On a day when the German court finally agreed to support Europe's most recent rescue, the Dow Jones Industrial Average
So why are they down?
This morning, McDonald's announced that beginning next week, it will list calorie counts for all items on its menus, both inside stores and at the drive-through. The company believes the move will inform customers and help them make nutrition-minded choices. Investors are signaling that they also believe customers will make healthier eating choices -- by no longer dining at the fast-food chain. McDonald's is currently 0.25% lower today.
Chemical manufacturer Dupont is trading down 0.59% today following a mixed crop report. Corn futures fell to a new seven-week low this morning after a larger-than-expected harvest was announced by the U.S. government. The drought has not been so kind to the soybean harvest, which has now been pegged at 2.634 billion bushels, below the 2.657 billion bushels analyst were expecting.
Finally, banking giant Bank of America is 0.61% lower today. After the German court announced approval for the European "bailout," investors ran into stocks, leaving U.S. Treasuries. The flow of cash out of treasuries moved the yield on the 10-year note from 1.69% to 1.74%. As Fool analyst Austin Smith pointed out yesterday, when rates are low, banks win. Although Treasuries are moving higher today, if the Fed announces QE3 tomorrow, as most analyst expect, rates will move lower again.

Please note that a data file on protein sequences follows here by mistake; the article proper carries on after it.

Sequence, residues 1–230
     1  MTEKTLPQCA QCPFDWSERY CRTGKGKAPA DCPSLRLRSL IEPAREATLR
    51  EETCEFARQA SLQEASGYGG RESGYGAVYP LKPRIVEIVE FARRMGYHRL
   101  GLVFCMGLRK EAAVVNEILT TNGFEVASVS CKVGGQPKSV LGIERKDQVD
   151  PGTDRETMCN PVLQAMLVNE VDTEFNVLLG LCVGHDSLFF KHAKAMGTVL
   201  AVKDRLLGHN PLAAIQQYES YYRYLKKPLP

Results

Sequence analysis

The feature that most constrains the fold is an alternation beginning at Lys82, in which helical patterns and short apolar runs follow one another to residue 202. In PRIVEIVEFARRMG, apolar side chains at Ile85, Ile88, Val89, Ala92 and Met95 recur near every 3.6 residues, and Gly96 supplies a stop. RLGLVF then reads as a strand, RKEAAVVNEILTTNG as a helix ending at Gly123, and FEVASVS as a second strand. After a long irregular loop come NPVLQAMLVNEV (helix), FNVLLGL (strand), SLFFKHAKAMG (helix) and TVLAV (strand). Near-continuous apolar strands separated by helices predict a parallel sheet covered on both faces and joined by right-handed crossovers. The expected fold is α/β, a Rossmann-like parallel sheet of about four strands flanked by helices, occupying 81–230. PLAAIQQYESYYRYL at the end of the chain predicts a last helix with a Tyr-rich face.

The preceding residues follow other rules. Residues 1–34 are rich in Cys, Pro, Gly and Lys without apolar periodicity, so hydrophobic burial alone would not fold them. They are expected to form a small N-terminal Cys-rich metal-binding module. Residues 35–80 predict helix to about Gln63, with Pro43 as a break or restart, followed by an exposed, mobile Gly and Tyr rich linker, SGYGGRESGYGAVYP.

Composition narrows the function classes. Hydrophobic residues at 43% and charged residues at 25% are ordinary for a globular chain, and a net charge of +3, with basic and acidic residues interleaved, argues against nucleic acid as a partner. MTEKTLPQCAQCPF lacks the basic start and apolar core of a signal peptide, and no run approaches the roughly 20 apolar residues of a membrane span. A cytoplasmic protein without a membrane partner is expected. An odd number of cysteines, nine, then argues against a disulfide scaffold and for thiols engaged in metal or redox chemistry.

While posting calorie counts next to items on a menu may slow traffic at McDonald's in the short term, it should not affect the long-term "health" of the organization. Consumers are creatures of habit, and all the nutritional content can already be easily found if an individual cares enough to look for it. With the world population increasing, food production is becoming more important every year, and a company like Dupont can give investors a great backdoor entrance into the industry. Although I own B of A, I understand it's not the right stock for every investor. Before you make a decision, check out this premium research report detailing Bank of America's prospects, including three reasons to buy and three reasons to sell. Just click here to get access.
Fool contributor Matt Thalman owns shares of Bank of America. The Motley Fool owns shares of Bank of America and McDonald's. Motley Fool newsletter services have recommended buying shares of McDonald's. The Motley Fool has a disclosure policy. We Fools may not all hold the same opinions, but we all believe that considering a diverse range of insights makes us better investors. Try any of our Foolish newsletter services free for 30 days.